David and Abigail, mid–17th century
Canvas worked with silk thread; tent, back, and cross stitches; unfinished; 19 x 24 1/4 in. (48.2 x 61.5 cm)
Gift of Irwin Untermyer, 1964 (64.101.1325)
The unfinished state of this tent-stitch panel reveals the fine underdrawing and shading that guided the embroiderer. Because this piece was probably never displayed, the colors are especially well-preserved and include several shades of yellow and green, normally the shades that fade.
This panel is an example of how professional draftsmen repeated motifs from a variety of sources. Elements such as the castle in the right-hand background, the group of warriors in the upper left, and the young warrior carrying an elaborate shield in the lower left all appear in other embroidered panels of the period. Many of the figures are based on engravings by Maarten de Vos that appeared in Gerard de Jode's 1579 illustrated bible Thesaurus Sacrarum Historiarum Veteris Testamenti.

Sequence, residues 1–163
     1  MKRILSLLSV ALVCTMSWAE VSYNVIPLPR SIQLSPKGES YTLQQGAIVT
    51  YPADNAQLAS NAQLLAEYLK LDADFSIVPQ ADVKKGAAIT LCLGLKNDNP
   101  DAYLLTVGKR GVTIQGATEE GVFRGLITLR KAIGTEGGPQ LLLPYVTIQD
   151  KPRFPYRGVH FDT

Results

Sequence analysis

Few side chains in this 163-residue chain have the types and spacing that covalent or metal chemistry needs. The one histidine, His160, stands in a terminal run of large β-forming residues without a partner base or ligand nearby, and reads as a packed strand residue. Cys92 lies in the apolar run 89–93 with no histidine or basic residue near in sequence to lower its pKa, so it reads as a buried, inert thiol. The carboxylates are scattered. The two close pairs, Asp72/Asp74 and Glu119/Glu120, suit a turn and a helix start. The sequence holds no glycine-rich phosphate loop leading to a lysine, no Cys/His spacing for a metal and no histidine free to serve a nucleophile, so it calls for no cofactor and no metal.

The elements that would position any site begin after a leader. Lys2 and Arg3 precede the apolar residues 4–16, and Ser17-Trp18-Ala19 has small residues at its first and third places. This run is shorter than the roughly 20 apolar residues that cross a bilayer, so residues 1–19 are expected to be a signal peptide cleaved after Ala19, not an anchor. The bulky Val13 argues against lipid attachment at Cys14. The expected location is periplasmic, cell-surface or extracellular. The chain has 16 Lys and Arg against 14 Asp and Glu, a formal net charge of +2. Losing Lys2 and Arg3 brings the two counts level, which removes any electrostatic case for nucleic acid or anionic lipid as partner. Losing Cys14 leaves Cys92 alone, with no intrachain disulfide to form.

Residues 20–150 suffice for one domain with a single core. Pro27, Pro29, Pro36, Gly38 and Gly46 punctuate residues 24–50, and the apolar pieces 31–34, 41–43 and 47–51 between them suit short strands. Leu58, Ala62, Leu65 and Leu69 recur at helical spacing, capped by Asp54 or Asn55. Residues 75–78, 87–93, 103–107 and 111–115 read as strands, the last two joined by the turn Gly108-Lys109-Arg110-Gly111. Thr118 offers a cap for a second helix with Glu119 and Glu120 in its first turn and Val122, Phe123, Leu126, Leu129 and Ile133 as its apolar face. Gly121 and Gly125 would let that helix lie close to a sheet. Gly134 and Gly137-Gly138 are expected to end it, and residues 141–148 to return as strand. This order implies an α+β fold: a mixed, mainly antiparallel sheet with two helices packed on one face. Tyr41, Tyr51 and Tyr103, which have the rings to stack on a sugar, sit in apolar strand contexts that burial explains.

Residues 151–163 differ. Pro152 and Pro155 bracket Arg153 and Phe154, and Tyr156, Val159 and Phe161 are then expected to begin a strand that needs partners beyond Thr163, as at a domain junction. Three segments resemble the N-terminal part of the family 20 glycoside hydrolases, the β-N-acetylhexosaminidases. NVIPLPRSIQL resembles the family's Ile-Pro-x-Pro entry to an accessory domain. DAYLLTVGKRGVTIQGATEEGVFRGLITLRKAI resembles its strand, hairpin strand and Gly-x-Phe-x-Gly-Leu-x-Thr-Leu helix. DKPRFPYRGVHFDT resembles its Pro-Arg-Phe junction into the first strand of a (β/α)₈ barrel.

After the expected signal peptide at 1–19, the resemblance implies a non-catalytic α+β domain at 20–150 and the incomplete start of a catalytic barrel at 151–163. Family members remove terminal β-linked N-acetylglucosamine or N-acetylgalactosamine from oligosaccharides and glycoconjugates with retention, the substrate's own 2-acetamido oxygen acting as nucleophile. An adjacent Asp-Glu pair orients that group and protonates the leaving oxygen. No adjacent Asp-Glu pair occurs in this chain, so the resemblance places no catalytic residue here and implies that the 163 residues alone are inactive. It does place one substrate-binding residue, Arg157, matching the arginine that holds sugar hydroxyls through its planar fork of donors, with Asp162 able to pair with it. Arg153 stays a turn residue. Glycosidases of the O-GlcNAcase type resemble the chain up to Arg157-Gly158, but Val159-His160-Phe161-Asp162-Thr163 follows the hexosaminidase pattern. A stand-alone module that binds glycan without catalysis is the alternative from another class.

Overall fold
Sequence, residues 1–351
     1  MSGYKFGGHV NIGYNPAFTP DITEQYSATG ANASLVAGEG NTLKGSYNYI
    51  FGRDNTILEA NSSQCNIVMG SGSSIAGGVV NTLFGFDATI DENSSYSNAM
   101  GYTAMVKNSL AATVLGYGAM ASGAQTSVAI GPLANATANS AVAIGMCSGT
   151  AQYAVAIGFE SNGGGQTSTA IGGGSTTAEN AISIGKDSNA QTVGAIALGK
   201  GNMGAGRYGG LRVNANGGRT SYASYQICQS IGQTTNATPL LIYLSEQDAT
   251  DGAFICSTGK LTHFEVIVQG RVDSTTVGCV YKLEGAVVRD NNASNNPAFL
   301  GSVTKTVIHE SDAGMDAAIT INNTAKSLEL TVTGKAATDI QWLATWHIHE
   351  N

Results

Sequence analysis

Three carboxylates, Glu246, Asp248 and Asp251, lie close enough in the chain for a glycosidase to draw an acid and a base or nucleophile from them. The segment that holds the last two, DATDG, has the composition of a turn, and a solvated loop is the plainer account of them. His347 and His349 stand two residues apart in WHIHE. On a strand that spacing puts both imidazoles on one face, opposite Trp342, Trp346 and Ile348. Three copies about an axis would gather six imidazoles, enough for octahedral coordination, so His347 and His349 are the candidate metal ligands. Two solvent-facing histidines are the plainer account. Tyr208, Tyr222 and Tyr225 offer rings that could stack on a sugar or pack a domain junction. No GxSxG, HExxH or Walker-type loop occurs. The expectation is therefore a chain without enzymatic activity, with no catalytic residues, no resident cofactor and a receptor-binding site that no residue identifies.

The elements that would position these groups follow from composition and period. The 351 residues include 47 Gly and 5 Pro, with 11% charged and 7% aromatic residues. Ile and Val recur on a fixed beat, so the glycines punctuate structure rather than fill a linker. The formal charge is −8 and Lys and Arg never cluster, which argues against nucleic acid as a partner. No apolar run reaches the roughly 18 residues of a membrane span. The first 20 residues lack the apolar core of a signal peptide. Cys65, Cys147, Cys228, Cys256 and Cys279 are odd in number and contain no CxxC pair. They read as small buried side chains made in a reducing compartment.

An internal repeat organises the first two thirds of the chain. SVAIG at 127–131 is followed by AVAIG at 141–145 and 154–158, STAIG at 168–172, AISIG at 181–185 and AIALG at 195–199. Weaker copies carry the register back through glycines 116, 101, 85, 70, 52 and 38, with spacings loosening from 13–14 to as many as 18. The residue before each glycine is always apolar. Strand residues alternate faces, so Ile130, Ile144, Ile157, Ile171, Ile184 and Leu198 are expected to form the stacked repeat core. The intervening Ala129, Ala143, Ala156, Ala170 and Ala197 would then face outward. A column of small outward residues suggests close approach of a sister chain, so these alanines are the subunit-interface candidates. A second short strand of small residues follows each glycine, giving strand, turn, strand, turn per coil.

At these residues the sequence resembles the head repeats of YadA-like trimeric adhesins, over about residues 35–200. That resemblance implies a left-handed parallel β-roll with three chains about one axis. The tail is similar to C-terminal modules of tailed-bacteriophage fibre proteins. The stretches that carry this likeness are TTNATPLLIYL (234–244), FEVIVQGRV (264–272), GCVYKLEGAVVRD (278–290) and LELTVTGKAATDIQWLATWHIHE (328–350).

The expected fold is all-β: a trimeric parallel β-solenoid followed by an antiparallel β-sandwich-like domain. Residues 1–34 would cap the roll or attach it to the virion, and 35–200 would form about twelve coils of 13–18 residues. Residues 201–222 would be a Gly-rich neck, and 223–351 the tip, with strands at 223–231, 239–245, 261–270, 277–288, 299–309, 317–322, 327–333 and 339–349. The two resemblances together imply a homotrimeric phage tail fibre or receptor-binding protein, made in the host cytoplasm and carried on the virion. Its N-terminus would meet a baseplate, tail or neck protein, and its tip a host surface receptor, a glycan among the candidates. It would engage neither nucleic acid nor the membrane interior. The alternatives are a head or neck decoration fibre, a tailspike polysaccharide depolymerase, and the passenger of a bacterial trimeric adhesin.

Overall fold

Abigail, the heroine of this biblical tale, is shown kneeling before King David as she intercedes in a dispute between her husband and the King (I Samuel 25:18–35). Her husband refused to offer hospitality to David and his soldiers; Abigail recognized her husband's mistake and proceeded to grant the king's request for provisions. Abigail's actions were considered the model of diplomacy during the English Civil War period, and the figure of David bears a marked resemblance to King Charles I.